South Australia plans to roll out solar panels and Tesla batteries to at least 50,000 homes to form what its government says will be the world's largest virtual power plant
Sydney: South Australia plans to roll out solar panels and Tesla Inc. batteries to at least 50,000 homes to form what its government says will be the world’s largest virtual power plant.
Beginning with a trial of 1,100 public housing properties, 5 kilowatt solar panels and 13.5 kilowatt-hour Tesla Powerwall 2 batteries will be installed free of charge and financed through electricity sales, the state government said Sunday ahead of a state election. This will be expanded to another 24,000 public housing properties, and then a similar deal will be offered to all South Australian households, with a plan for at least 50,000 to participate in the next four years.
“What we’re doing is effectively putting an extra power plant into the South Australian energy market, and the extra competition drives down prices for everyone," Premier Jay Weatherill said. “So we’re teaming up with one of the world’s great technology companies, Tesla. We have demonstrated that we lead the world in renewable energy: the world’s largest battery, the world’s largest solar thermal plant, now the world’s largest virtual power plant."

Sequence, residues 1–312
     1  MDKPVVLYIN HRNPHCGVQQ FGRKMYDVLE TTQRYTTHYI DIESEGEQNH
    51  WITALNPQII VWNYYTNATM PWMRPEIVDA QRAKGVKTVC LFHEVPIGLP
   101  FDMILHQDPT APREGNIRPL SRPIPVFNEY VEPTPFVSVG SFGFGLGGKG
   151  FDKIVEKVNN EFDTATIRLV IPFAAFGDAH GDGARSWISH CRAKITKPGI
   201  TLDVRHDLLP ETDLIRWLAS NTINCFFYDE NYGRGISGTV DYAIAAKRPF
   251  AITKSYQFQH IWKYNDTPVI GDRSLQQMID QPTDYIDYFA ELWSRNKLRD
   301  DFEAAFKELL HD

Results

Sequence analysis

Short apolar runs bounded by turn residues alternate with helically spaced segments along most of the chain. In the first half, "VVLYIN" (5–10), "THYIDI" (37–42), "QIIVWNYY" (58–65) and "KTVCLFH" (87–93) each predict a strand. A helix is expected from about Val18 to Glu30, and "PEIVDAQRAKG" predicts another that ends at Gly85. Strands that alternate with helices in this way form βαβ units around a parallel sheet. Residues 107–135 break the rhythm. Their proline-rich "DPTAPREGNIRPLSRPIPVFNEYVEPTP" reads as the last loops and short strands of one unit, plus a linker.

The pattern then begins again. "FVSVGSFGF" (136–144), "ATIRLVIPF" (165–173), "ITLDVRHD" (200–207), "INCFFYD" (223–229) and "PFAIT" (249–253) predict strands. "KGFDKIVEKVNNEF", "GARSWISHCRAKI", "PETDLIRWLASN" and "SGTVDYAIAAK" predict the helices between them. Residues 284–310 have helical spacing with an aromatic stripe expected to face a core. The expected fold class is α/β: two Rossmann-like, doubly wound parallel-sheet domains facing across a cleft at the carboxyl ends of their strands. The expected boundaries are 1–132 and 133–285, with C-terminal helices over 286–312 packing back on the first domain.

Billionaire Elon Musk last year built the world’s biggest lithium-ion battery system to support South Australia’s blackout-plagued power grid. Musk made a bet on Twitter that Tesla could install a 100-MW storage facility in the Australian outback within 100 days or it would be free—and made good on his pledge to be finished by summer.
South Australia, which will hold an election 17 March, suffered a state-wide blackout in 2016 when storms caused a transmission failure. Australian Prime Minister Malcolm Turnbull blamed the power cut on the state’s rapid take-up of renewable power. Solar and wind make up about 40% of its power generation, the highest of any mainland Australian state.
Weatherill on Sunday cited analysis by Frontier Economics as showing the 250 MW plant is expected to lower energy bills for participating households by 30%.
“The size of it is the reason why it’s going to be a success," Weatherill said. “The reason that we can have the world’s largest battery is because we have one of the highest proportions of public housing stock in the nation. So we’re able to use that, leverage that, to create this opportunity. The strength of it is its diversity and its size." Bloomberg